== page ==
The expert and activist Sergiu Tofilat explained for Moldova.org several important aspects regarding the law of citizenship by investment. First, “some European countries are trying to attract investment by selling citizenship. Such programs are interesting for wealthy people who want to be able to travel visa-free in the EU and the US, who would like to easily open bank accounts in western banks,” said Tofilat. He highlighted the serious issues in verifying the source of the ‘invested’ money for acquiring citizenship, but also national security issues when different criminals or terrorists get foreign citizenship.

In case of the Republic of Moldova, “there are problems related to politically subordinate justice, labour shortages, the lack of predictability of public policies as when the government changes the law, and this affects the business environment that can’t plan its activity for at least 3-5 years,” as Tofilat mentioned. Taking into consideration these circumstances, “the Citizenship by Investment program raises suspicions of money laundering, especially since nothing of the stolen billion has been recovered,” stated Tofilat. He indicated that the program in question must be analysed together with the so-called tax amnesty law, which allows the legalization of any dirty money for a 6% tax. “As a result, the beneficiaries of the bank fraud can decriminalize their money through certain foreign citizens who will receive citizenship by granting loans to the Moldovan Government, after which the new Moldovan citizens will benefit from the tax amnesty,” explained Tofilat.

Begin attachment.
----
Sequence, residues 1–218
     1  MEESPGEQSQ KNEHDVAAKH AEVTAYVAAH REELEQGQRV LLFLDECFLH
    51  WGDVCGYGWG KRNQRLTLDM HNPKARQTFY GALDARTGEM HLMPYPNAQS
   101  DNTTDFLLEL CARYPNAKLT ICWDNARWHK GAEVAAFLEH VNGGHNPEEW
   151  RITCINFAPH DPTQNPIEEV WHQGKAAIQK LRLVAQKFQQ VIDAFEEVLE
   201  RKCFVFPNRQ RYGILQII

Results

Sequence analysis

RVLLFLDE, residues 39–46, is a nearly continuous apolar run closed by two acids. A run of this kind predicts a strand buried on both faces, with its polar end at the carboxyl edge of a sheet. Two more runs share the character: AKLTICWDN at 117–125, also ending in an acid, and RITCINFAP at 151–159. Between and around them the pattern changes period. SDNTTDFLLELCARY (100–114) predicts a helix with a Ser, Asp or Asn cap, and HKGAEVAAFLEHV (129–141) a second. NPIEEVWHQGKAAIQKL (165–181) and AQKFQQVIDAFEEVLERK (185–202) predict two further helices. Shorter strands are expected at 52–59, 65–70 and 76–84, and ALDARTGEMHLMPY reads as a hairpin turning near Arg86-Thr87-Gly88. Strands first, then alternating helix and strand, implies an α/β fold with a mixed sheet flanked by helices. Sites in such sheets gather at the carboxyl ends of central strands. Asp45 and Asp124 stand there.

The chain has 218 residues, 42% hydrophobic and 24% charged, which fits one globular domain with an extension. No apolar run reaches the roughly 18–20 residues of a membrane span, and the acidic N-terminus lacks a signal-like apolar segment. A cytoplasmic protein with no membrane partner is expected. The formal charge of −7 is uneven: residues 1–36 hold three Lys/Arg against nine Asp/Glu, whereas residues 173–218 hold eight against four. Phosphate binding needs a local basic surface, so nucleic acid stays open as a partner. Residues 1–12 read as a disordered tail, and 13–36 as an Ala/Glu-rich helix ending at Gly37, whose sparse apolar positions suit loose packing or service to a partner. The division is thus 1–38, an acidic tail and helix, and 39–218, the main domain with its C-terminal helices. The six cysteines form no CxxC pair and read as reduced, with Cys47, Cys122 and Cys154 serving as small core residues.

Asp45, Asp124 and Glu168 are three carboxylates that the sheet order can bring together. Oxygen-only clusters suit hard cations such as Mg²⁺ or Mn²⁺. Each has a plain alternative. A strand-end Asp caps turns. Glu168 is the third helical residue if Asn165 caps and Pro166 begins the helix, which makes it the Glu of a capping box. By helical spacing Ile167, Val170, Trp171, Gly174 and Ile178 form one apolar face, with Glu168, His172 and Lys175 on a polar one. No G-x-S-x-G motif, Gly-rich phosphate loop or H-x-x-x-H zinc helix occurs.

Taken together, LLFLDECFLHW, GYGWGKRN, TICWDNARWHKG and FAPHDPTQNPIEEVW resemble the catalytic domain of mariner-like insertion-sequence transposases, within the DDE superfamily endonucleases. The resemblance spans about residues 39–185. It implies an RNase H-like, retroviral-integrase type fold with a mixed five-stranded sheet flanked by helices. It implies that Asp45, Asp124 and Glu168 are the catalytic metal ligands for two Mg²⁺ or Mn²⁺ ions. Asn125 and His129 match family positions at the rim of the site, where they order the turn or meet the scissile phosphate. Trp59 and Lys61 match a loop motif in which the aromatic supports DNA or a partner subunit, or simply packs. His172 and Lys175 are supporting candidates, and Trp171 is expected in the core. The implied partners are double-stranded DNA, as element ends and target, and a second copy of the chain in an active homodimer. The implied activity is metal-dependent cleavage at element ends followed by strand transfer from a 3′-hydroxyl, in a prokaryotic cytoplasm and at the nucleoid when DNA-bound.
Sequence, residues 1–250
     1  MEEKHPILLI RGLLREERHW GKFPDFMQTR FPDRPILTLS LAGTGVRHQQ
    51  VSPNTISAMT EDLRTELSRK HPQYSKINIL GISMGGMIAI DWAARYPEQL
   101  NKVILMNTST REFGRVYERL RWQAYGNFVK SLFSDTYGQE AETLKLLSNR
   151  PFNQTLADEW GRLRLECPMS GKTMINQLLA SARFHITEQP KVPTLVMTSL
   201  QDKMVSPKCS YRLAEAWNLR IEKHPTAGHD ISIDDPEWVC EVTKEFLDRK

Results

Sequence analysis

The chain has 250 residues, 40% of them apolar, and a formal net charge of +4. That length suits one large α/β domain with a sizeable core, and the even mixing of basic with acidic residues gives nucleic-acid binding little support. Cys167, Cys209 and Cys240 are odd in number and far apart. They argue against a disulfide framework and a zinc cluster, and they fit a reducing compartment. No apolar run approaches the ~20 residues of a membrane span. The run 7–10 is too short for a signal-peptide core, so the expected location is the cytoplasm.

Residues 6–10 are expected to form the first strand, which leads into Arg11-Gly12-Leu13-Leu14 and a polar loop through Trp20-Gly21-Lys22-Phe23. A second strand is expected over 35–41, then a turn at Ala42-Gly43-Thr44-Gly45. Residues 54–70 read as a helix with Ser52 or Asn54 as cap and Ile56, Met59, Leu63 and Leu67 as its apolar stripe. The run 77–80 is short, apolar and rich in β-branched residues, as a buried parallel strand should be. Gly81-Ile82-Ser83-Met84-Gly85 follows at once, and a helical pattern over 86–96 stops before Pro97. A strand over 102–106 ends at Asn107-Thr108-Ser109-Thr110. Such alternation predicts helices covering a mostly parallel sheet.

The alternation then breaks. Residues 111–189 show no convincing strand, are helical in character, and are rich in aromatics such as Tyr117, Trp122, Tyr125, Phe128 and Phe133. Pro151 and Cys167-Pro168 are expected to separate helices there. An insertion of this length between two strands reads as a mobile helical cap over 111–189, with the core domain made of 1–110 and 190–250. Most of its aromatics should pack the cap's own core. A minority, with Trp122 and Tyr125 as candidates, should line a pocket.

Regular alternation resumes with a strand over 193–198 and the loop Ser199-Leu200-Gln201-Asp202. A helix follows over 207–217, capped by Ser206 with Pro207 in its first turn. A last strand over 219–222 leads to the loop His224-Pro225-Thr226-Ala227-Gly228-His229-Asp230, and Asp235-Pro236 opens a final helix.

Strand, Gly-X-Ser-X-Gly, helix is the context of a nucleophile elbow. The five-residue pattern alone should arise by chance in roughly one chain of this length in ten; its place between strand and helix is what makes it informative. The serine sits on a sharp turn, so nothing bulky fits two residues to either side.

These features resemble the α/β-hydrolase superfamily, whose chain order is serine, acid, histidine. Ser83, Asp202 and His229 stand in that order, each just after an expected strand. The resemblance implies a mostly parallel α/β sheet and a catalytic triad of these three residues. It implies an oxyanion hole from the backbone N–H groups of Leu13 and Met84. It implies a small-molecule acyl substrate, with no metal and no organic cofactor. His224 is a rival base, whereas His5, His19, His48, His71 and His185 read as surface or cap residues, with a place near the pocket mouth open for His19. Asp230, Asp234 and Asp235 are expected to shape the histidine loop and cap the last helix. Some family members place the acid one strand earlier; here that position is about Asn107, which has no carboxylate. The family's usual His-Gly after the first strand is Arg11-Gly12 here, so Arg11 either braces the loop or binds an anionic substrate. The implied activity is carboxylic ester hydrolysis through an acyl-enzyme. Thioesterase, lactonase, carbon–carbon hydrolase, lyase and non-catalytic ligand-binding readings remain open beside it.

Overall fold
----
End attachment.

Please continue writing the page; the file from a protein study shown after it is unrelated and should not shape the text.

“The authorities stated that the objective of the citizenship program is to attract foreign investments in Moldova. It is absurd to believe that foreign investors queue up for investing their money in Moldova and that getting citizenship is the biggest obstacle for them.”

According to the Tofilat’s opinion, “a special attention should be paid to the dangerous similarities of the Moldovan program with the programs in Hungary and Malta.” Just as in the case of Hungary, the names of those who will receive the citizenship of the Republic of Moldova will be classified under the pretext of protecting their personal data.

An international inquiry from September 2018 revealed that especially Russian officials are interested in receiving the Hungarian citizenship for being able to travel without any visa and to leave Russia in case they need it.  “It’s the case of Russian deputies, heads of state-owned enterprises, and even Serghei Naryshkin’s family, the head of the Russian espionage service, who received the citizenship of Hungary. This happened despite the fact that some officials appear on international sanctions lists,” specified Tofilat.